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A lot of this patent feels like it has prior art in existing tools such as disassemblers and profilers.

Patent text

Claim 1

  1. A method for detecting a time complexity associated with an executable program stored in a computer memory device, comprising:

    (1) automatically analyzing said stored program with a computer processor to detect the time complexity of said program based on loops in the code;

    (2) automatically analyzing said stored program with said processor to detect the time complexity of said program based on a code flow and a destination of branching instructions in the program;

    automatically determining the minimum time complexity between the time complexity detected in (1) and the time complexity detected in (2) as the time complexity of said program.

3 Answers 3

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IDA Pro seems to cover claims 2a, 2b, 4 and 5. The profiler in Visual studio seems to cover claim 14 and Visual Studio in general seems to cover most of claim 17 and 18.

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  • Each claim (including its chain of dependency) is taken as a whole. That means there is no such thing as "claim 2a" or "2b".
    – George White
    Mar 6, 2014 at 16:21
  • This patent covers a static analysis of high level code to provide graphical representations of paths that can happen and run time. Profilers, I believe, run the code and see what happens.
    – George White
    Mar 6, 2014 at 18:50
  • 1
    @GeorgeWhite: of course, you are correct. However, henke37 probably means that the prior art reference does not cover all claim elements and as such you need at least a second reference to cover all claim elements.
    – Daniel K.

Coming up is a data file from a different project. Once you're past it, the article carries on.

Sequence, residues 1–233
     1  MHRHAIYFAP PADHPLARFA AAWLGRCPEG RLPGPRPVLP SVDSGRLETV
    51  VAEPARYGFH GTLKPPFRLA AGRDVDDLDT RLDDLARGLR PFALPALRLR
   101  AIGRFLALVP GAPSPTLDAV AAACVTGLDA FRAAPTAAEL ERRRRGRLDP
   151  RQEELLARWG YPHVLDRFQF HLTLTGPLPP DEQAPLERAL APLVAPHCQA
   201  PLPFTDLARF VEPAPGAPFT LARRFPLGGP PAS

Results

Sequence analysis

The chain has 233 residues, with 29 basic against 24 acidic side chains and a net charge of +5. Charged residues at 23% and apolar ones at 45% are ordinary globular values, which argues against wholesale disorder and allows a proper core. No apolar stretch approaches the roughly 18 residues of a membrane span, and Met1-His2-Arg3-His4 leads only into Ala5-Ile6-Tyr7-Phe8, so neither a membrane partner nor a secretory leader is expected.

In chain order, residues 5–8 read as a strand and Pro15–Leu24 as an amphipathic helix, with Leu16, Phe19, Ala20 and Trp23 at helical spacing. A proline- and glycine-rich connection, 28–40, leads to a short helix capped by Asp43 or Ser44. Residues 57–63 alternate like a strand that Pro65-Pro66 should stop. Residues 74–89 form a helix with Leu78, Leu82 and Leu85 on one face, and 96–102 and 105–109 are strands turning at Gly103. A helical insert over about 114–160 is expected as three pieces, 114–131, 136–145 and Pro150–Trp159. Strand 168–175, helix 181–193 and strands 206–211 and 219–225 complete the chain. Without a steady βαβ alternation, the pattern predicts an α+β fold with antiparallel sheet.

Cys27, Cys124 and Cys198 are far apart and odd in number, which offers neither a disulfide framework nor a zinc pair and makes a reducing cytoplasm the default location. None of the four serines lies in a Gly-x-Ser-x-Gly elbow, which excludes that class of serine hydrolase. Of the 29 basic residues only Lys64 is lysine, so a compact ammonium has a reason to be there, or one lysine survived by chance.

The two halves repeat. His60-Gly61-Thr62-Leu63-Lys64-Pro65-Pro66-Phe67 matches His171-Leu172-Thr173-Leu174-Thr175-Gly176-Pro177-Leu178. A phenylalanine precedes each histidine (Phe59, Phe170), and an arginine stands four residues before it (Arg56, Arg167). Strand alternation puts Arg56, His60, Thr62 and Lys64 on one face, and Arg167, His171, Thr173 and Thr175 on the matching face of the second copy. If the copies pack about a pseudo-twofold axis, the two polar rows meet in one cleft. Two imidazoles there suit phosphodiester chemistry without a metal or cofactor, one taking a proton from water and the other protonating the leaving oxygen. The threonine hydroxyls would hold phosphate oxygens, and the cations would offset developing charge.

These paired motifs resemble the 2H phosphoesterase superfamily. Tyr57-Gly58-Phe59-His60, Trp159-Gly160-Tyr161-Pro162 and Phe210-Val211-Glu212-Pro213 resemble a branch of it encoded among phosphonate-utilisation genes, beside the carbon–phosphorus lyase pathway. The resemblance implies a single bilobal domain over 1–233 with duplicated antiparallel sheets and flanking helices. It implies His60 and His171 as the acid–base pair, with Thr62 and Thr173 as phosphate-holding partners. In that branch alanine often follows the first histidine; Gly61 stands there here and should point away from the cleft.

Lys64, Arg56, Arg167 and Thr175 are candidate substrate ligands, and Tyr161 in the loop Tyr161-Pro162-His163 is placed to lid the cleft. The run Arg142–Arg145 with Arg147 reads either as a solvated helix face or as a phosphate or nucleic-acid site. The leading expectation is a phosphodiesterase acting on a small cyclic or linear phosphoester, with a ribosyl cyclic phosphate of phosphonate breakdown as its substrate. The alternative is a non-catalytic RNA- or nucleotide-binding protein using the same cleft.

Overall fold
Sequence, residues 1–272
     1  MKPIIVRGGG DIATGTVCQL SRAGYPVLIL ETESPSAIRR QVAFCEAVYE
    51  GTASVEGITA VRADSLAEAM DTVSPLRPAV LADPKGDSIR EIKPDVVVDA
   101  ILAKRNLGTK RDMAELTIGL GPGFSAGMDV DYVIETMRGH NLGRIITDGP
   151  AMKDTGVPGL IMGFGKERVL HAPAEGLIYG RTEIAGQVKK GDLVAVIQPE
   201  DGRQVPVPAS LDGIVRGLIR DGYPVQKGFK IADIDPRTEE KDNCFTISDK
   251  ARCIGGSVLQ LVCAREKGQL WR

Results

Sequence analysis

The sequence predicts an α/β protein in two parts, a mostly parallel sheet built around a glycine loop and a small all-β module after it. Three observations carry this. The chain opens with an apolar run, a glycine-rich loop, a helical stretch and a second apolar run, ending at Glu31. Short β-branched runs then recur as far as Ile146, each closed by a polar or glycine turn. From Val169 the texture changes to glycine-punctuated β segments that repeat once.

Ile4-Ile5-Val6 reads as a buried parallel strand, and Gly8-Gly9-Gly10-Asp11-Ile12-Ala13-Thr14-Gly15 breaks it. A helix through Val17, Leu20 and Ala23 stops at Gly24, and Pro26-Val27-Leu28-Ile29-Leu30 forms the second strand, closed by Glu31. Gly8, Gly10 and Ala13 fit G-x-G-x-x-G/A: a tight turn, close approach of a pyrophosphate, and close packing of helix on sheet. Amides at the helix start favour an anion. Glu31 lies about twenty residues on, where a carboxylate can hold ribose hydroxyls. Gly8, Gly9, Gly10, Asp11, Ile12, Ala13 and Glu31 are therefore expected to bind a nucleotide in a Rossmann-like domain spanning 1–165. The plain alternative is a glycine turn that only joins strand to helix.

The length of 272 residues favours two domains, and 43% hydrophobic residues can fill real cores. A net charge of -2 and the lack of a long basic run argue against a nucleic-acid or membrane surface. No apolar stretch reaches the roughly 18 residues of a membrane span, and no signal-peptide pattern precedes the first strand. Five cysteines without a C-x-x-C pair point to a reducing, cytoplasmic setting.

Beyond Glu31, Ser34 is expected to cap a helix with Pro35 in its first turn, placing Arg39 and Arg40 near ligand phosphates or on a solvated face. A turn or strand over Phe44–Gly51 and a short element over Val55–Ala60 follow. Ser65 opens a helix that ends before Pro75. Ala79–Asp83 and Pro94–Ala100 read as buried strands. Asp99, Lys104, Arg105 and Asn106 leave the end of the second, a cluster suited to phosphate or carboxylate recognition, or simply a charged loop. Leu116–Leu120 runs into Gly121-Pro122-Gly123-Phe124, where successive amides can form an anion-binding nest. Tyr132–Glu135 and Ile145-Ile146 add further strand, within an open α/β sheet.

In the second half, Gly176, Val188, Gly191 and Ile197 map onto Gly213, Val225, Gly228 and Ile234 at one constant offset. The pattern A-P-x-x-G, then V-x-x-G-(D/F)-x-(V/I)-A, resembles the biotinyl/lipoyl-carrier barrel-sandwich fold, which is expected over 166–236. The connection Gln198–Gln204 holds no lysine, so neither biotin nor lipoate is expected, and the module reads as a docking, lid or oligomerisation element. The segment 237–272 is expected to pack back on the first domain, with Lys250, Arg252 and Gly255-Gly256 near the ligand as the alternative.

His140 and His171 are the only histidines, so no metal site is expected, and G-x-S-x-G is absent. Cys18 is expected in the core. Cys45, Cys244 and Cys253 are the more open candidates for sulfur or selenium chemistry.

Mar 12, 2014 at 20:24
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The first claim seems to be pretty much what you would want to do in a real-time system where you want to automatically determine whether a given piece of code will fulfill the real-time requirements you have. This would be known as static profiling to determine the worst case execution time (WCET).

One likely prior art reference could be this publication.

I haven't read anything past the abstract, but the abstract may be broad enough to invalidate the first claim alone.

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  • That abstract essentially says - "we have found a better method." The abstract does not tell us the steps to accomplish the method in so the abstract, by it self, can't invalidate anything.
    – George White
    Sep 25, 2018 at 23:26
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The patent description was very long and I quickly went through it. So I may have misunderstood. But I got the impression that the aim of the patent is to make a performance analysis by code inspection without running the code. Common profilers report the performance by running the code while common code inspectors focus on possible coding mistakes or excessive complexity that hinders maintenance.

If the interpretation is restricted to the above point it might actually be something new, or at least the prior art is not so obvious, but I doubt it would be something useful, most of the time the performance depends on the runtime data. Developers might write some very complex loops because they know that at runtime that function would process very small lists, an automated tool would not be aware of such considerations.

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  • Welcome to Ask Patents - like all SE sites it is not a forum for discussing issues but set up to be a question followed by answers that address the question. Old questions that do not have “accepted” answers are periodically automatically brought the front of the queue. It unfortunately makes very old questions seem new. We do value substantive answers to old questions but I wanted to comment on this to help you improve future answers. Your post isn’t really an answer to the question and doesn’t add substantive information beyond existing answers to an 8-year old question.
    – George White
    May 11 at 16:49

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